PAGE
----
Tesla Inc. was accused in a lawsuit of misleading consumers into believing that the Autopilot system on its cars can safely transport passengers at highway speeds.

A Model S driver who was injured in a crash claims in a lawsuit in Florida that the system poses “an inordinately high risk of high-speed collisions.”

Key Insights

The lawsuit puts Tesla’s driver-assistance system back in the headlines for legal reasons, rather than for a development that Elon Musk would prefer the attention be paid to: a major Autopilot software update The company announced last week what it called “our most advanced Autopilot feature ever,” dubbed Navigate on Autopilot, that guides Tesla cars from highway on-ramps to off-ramps Scrutiny of Tesla Autopilot was at a fever pitch earlier this year when multiple crashes involving the system drew probes by U.S. safety agencies, including a Model X SUV driver who died in March after colliding with a highway barrier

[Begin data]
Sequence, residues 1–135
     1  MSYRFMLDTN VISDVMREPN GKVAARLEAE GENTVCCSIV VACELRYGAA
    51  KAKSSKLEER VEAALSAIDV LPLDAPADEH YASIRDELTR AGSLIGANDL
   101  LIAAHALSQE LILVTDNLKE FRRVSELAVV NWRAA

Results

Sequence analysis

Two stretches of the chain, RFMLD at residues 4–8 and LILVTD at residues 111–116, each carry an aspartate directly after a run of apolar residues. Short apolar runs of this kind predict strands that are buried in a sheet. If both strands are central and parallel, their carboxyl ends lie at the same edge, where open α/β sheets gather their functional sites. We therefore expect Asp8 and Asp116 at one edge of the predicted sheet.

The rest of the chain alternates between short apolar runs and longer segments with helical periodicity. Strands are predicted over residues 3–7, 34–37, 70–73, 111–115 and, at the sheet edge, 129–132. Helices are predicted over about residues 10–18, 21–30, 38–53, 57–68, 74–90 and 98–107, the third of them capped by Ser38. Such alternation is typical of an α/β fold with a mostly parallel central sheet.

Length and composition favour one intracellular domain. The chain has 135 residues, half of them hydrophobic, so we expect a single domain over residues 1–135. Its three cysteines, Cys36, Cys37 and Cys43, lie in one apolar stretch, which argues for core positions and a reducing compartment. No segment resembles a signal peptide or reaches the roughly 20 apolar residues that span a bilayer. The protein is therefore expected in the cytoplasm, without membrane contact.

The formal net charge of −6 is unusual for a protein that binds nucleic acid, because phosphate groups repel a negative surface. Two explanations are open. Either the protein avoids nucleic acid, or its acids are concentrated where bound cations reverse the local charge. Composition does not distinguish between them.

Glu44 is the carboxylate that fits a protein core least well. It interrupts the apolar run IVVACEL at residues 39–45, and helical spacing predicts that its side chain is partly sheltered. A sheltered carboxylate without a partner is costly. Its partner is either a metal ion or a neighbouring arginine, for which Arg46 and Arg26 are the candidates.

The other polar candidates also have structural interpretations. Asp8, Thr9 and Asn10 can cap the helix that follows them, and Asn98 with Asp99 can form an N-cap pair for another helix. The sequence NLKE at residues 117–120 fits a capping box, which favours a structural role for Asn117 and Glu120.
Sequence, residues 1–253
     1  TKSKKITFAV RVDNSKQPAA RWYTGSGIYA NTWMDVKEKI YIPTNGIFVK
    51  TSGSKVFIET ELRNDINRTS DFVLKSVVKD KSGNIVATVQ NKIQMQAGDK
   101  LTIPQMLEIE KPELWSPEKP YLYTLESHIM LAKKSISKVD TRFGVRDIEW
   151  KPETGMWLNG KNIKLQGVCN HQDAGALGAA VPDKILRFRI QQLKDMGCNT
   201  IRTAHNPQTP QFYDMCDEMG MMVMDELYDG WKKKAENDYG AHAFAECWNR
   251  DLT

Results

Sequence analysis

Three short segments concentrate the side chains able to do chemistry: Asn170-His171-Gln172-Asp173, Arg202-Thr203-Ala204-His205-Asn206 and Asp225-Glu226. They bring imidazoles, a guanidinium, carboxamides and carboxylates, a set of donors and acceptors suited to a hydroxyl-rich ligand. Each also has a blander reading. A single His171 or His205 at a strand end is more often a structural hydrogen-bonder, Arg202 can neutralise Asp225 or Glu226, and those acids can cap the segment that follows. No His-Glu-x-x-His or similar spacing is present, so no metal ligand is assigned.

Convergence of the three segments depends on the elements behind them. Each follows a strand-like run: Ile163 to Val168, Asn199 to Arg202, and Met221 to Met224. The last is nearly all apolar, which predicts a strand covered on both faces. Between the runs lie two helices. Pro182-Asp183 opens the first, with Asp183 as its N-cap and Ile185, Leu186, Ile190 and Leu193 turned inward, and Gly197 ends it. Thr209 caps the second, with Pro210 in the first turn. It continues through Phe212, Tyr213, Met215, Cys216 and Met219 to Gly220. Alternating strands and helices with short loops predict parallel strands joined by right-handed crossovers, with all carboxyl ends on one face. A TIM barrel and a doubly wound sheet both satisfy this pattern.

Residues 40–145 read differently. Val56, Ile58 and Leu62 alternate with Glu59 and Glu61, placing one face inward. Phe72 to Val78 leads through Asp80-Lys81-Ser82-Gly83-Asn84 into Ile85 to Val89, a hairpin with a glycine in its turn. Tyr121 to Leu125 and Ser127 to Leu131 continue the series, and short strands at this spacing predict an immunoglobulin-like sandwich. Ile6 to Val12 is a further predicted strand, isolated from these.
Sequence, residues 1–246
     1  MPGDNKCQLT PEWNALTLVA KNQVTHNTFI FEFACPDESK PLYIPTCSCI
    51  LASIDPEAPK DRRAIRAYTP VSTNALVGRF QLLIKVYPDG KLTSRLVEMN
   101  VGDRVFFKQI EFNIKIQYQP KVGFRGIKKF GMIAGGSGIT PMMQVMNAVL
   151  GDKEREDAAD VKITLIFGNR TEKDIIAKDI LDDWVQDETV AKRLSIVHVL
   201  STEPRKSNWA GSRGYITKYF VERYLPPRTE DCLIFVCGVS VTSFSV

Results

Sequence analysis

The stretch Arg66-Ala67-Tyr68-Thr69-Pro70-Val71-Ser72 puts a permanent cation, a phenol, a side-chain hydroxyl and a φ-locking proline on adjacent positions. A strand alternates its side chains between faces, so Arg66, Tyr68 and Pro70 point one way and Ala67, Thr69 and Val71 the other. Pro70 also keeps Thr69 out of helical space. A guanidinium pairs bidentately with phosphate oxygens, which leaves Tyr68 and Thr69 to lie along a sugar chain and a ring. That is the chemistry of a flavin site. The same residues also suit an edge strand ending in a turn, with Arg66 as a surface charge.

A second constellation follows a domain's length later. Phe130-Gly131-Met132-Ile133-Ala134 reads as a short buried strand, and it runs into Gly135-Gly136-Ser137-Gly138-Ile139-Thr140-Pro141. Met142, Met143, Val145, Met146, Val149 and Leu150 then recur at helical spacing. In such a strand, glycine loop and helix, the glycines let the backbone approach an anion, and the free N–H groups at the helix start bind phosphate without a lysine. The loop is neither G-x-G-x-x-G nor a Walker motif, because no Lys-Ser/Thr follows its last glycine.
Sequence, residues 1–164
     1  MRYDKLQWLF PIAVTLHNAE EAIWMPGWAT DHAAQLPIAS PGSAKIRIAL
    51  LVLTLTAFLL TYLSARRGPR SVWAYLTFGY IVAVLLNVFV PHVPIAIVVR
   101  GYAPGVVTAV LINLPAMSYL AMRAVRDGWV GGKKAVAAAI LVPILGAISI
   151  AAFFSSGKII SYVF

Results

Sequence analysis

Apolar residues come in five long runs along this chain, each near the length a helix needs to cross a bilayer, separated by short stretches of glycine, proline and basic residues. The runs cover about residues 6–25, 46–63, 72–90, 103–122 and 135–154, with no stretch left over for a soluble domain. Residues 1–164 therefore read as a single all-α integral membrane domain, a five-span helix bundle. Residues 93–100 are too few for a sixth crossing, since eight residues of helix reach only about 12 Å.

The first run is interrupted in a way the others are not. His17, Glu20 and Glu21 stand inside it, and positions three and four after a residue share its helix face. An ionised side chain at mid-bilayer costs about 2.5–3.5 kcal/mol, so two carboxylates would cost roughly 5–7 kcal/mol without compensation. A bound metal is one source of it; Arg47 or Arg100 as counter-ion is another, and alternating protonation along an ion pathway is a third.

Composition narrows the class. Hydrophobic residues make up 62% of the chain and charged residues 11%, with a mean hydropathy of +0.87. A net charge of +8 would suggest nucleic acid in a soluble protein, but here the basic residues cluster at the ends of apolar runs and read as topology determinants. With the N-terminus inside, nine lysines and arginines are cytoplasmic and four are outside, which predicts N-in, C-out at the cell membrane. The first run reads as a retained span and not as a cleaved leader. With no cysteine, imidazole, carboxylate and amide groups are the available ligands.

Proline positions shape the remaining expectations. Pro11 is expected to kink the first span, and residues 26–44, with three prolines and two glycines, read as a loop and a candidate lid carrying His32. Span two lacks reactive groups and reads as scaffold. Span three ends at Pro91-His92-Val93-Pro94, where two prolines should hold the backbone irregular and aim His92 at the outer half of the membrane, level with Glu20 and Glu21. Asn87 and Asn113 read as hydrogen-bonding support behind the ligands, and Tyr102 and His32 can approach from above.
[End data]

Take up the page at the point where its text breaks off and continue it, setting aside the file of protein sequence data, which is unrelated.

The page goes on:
More on the Lawsuit

Tesla said in an emailed statement that it has no reason to believe Autopilot malfunctioned or operated other than as designed, and that it provides clear instructions regarding the capabilities of the system The negligence and breach-of-duty suit, filed in state court in Orange County, Florida, seeks unspecified monetary damages on behalf of Shawn Hudson Autopilot “is unable to reliably detect stationary objects such as disabled vehicles or other foreseeable roadway hazards, posing an inordinately high risk of high-speed collisions, severe injury, and death, both to Tesla’s passengers and to the driving public,” Hudson said in the complaint

Topics Lawsuits Tesla Autonomous Vehicles